The plan also examined the possibility of a second SMART station in Cordelia near the interchange project connecting Interstate 80, Interstate 680 and Highway 12.

The Solano proposal follows a separate 2019 state-funded study by SMART. The study found passenger rail service on the 41-mile route to Suisun City would be feasible along the existing east-west rail corridor. SMART estimated the costs, including rail improvements, would range from $780 million to $1.3 billion depending on the options.

In 2022, the passage of Sen. Mike McGuire's Senate Bill 1175 designated the SMART tracks as an intermodal passenger service corridor. Caltrans then included SMART in a state-prioritized list of passenger rail corridors for consideration through the FRA's corridor identification process.

"The federal designation is a game changer," said McGuire in a prepared statement. "Now, SMART will be able to tap these federal and state funds to help move the commuter service east. This really puts our legislation to work by expanding the Capitol Corridor along SMART's east-west tracks."

David Schonbrunn, president of the Train Riders Association of California nonprofit group, said he and his organization have long supported a passenger rail connection along Highway 37. However, Schonbrunn said SMART can use a lot of its existing infrastructure to get the passenger rail service happening sooner, rather than spending millions on overhaul.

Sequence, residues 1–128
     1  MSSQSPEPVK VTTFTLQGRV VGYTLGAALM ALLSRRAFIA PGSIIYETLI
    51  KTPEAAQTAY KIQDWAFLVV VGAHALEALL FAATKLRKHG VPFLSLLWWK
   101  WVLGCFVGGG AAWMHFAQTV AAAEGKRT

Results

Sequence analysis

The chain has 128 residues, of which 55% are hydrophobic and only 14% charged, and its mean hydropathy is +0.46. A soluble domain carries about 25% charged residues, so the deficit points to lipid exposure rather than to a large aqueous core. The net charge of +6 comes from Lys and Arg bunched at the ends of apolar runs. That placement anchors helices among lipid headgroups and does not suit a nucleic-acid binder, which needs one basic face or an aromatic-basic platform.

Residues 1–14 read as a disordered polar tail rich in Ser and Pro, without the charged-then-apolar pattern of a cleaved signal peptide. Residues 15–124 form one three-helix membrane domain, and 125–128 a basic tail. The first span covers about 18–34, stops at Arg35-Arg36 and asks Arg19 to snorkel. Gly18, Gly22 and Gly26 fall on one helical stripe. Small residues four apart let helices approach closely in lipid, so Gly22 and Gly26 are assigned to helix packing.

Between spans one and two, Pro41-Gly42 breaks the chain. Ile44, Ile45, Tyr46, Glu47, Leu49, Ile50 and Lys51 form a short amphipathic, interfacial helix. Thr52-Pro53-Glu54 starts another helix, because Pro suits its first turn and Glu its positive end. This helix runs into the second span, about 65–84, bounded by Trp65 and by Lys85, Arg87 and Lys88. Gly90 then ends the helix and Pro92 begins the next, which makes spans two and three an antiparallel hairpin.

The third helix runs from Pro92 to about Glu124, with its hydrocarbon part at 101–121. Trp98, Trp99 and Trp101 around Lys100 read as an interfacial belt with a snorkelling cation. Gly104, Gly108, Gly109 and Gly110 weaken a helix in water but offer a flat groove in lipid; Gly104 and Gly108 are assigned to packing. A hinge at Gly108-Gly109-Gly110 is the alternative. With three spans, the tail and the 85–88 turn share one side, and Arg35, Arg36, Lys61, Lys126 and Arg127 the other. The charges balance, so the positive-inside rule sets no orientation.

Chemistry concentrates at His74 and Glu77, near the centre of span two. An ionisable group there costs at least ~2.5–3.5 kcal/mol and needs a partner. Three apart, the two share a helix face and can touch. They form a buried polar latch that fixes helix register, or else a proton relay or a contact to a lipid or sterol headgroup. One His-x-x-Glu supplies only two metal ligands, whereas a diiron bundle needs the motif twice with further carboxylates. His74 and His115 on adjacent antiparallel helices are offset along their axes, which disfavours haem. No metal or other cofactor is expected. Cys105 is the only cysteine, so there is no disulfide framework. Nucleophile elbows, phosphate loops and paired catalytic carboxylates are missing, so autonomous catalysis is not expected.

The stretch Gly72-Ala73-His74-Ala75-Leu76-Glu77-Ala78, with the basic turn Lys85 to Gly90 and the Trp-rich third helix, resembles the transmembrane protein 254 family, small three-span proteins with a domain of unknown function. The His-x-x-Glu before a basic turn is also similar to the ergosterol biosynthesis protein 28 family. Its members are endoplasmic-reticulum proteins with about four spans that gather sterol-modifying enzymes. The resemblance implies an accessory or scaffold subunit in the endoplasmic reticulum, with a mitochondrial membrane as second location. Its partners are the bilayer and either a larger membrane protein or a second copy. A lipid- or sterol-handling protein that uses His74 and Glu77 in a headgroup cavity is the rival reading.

"The roadway is in trouble, it has capacity constraints," Schonbrunn said. "It's obvious that there should be rail in this corridor, the question is, are we going to do it in a cost-effective manner."

SMART officials said it's too early to know what infrastructure will be kept or replaced. Funding for the project also has not been identified.

Meanwhile, there are several short- and long-term planning efforts underway to relieve traffic and also address the climate impact on Highway 37, a 21-mile commuter route that carries 40,000 travelers between Marin County and Vallejo daily.

Plans are ramping up for a $430 million project to widen the 10-mile stretch of Highway 37 between Sears Point and Mare Island. At the same time, planning is progressing on the estimated $1.6 billion project to elevate a 2.5-mile section of Highway 37 in Marin. The project area is between the Highway 101 interchange in Novato to the Atherton Avenue exit.

Lucan said the passenger rail planning ties in nicely with the work going into improving conditions on Highway 37.

"The ultimate goal of all of this, should this ever happen in my lifetime, is reducing the amount of single-occupancy vehicles on the roads because they are the major contributors of greenhouse gas emissions," Lucan said. "Green, multimodal, transit options are where we all need to be focusing our efforts."